As you can see, quite a few forum members are upset with your posts and the frame of mind you take about fires. They feel that way because they want to preserve the beautiful wilderness we all must share. They don't want to see it burned down. They don't want to see people die. They want to experience the wilderness in a condition that looks like it truly is wild. The fact that some people seem to care only about themselves and not about these other factors brings out the deep feelings you see in some of the responses in this thread.

Your friends are selling themselves short by not going with you. The missed experience is their loss. On the other hand, if they cannot go without fire, we are all (them included) better off with them staying home. If you think your trip is going to be a "bummer", it will be. But it won't be so because you can't build a fire. It will be a bummer because you decided ahead of time it was going to be that way. Go with an open mind. Go with the idea that you will be able to cook and clean up more easily. Go with the idea that you are preserving the wilderness for others and for its own intrinsic value. Go with the idea that you will breath air so much cleaner than at home. Go with the idea that you are going to gaze upon millions of stars and reflect upon the amazing vastness and complexity of the universe beyond. Decide ahead of time that you are going to have an amazing experience...and you will!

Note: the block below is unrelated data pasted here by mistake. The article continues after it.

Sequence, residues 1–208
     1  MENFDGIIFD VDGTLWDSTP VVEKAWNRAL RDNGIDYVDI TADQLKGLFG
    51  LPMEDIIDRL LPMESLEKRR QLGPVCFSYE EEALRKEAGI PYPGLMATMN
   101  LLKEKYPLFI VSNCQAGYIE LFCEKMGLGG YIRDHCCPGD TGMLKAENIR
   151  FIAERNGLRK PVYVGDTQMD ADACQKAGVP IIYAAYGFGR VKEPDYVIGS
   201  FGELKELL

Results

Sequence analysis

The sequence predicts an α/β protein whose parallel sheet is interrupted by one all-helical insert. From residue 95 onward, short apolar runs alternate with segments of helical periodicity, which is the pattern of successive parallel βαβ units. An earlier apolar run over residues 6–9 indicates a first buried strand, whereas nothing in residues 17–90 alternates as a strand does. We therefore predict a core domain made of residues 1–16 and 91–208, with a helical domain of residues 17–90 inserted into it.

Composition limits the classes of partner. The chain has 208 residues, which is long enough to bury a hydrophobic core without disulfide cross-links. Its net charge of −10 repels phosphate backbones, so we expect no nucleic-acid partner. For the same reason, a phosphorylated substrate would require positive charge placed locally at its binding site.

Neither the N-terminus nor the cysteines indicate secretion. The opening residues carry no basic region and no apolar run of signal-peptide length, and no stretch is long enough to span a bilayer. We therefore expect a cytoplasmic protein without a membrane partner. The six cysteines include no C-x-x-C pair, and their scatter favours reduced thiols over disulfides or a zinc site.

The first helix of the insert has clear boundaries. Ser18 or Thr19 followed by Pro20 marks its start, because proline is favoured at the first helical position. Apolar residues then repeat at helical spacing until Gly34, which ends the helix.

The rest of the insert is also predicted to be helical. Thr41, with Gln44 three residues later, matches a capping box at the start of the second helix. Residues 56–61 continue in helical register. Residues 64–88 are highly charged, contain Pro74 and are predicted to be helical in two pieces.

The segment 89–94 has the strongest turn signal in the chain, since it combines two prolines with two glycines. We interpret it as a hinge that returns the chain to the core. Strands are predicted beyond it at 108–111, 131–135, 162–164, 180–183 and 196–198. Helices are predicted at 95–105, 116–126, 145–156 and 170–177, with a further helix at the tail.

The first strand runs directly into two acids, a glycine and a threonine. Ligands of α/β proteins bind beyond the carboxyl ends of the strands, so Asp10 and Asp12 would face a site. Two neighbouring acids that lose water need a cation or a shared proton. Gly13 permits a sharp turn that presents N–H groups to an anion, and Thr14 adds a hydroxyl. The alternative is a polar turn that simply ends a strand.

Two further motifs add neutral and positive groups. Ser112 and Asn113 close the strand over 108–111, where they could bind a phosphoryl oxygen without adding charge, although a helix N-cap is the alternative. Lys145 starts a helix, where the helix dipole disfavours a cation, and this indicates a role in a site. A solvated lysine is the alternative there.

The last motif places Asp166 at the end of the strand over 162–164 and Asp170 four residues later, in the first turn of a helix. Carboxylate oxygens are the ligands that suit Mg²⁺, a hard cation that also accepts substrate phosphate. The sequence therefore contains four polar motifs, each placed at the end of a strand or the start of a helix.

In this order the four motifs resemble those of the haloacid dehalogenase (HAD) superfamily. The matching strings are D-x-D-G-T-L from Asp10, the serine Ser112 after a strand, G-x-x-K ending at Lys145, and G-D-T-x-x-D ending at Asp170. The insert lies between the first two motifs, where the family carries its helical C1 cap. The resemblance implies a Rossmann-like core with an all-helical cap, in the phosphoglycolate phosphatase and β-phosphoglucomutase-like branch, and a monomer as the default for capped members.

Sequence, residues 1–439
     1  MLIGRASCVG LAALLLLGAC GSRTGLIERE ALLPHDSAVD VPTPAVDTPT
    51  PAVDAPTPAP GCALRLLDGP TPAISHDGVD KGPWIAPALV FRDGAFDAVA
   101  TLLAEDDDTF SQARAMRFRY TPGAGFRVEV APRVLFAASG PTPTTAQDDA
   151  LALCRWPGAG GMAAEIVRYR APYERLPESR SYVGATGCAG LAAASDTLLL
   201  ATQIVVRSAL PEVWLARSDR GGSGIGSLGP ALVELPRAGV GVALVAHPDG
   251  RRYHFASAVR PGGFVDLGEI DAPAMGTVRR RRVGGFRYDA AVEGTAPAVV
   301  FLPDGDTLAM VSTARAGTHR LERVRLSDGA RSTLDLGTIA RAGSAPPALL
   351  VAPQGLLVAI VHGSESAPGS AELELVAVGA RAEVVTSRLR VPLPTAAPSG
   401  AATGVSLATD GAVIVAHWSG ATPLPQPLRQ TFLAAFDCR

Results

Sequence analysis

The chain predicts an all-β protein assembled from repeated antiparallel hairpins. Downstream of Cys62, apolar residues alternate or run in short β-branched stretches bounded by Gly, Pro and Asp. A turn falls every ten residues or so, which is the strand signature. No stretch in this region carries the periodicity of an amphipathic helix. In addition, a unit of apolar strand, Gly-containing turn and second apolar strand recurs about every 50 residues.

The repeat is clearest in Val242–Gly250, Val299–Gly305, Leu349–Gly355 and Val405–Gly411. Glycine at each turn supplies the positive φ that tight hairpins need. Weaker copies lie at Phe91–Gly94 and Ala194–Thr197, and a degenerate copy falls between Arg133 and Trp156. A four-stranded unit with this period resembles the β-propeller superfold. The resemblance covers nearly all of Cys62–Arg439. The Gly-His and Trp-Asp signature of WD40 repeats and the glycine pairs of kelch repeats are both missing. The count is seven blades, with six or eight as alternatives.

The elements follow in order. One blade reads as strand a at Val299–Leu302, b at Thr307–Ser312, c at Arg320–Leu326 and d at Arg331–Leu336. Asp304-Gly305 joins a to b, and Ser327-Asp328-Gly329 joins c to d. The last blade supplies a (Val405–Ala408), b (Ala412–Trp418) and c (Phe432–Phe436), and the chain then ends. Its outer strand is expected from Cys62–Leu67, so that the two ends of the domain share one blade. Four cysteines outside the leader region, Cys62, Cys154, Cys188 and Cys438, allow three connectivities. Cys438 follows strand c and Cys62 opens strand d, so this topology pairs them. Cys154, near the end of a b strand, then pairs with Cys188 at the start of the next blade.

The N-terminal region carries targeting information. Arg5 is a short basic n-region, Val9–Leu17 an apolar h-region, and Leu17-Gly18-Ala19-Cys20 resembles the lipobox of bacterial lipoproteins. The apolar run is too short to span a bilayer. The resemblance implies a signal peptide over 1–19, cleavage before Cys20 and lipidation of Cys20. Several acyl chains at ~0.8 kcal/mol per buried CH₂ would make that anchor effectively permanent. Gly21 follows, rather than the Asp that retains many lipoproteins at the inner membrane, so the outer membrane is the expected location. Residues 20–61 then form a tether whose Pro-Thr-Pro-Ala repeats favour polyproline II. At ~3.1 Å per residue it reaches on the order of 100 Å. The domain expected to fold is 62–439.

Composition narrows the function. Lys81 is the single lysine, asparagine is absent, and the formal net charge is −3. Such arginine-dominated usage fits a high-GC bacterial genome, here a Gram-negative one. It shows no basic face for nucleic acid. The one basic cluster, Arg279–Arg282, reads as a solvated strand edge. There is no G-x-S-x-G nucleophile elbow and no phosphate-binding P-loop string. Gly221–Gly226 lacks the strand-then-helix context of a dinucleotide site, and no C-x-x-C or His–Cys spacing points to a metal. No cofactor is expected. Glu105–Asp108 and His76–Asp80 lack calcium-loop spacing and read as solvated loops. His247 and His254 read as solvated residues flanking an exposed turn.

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Re: USDA alert no fire allowed?

Postby bsd » Thu Jul 18, 2013 10:28 pm

That was an awesome post. I love the outdoors and respect nature and I respect the rules. I was just bummed because of some of my friends wanted to bail, and we like to sit around a fire and hang out. Some of them seem to be coming around about the whole idea of just enjoying the experience; looking forward to an exciting adventure with good friends, fire or not.
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Re: USDA alert no fire allowed?

Postby DAVELA » Fri Jul 19, 2013 1:39 am

while i dont hate fires i find them a hindrance when camping if anything...they completely suck your attention from the beauty of the dark stillness of the night and the mesmerizing display of stars above you.I think weve been conditioned to have a fire at night out of some irrational fear of the dark-keep away wild animals and humans.I went on a meetup backpack last year with 4 other people who i didnt know and campfire,music and booze were the routine for 3 nights{i cant understand bringing any one of those 3 to the backcountry}.I might as well have gone out to some hollywood bar.Ive never backpacked with others before that and i def wont in the future if they arent granola like me!Ive thought of going with others but hiking with a great distance betwween us and just meeting at camp maybe.Solo camping rocks but my sentiment to being alone might be changing.Getting older maybe?